The testicles are part of the male reproductive system. They are also called testes (or a testis, if referring to one). The two small, egg-shaped glands sit behind the penis in a pouch of skin called the scrotum. They produce and store sperm. They also produce the male hormone testosterone, which is responsible for the development of male characteristics such as facial hair growth, a deeper voice than women, muscle development, sexual drive (libido), and the ability to have an erection.
A tubular structure called the epididymis is attached to the back of each testis. The epididymis stores immature sperm and is attached to the spermatic cord, which runs from each testicle through the groin region into the pelvis (lower abdominal cavity). The spermatic cord contains blood vessels, nerves, lymph vessels and a tube called the vas deferens, which carries sperm from the epididymis to the prostate gland.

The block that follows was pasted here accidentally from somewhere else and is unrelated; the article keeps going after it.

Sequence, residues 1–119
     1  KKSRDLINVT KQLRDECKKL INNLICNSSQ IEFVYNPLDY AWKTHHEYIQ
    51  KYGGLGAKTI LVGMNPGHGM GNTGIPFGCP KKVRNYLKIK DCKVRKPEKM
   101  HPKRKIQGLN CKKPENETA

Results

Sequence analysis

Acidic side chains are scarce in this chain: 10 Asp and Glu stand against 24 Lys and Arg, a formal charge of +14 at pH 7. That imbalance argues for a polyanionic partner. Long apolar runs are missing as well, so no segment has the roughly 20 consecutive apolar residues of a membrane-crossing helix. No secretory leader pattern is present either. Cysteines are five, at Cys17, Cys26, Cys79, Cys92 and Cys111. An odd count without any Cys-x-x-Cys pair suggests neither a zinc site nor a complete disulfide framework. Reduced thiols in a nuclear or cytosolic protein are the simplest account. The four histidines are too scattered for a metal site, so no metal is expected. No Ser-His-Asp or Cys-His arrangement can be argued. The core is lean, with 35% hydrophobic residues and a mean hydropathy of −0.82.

Two sac-like pouches called seminal vesicles sit above the prostate gland. The seminal vesicles and prostate gland produce fluid, which, along with sperm from the testicles, makes up a large part of semen. Semen is ejaculated from the penis during sexual climax.
There are many lymph nodes (glands) and lymphatic vessels around the testicles and in the abdomen. These are part of the lymphatic system and are important for resisting and fighting disease (immunity). The nodes and vessels also drain lymphatic fluid (lymph) from the tissues back into the bloodstream.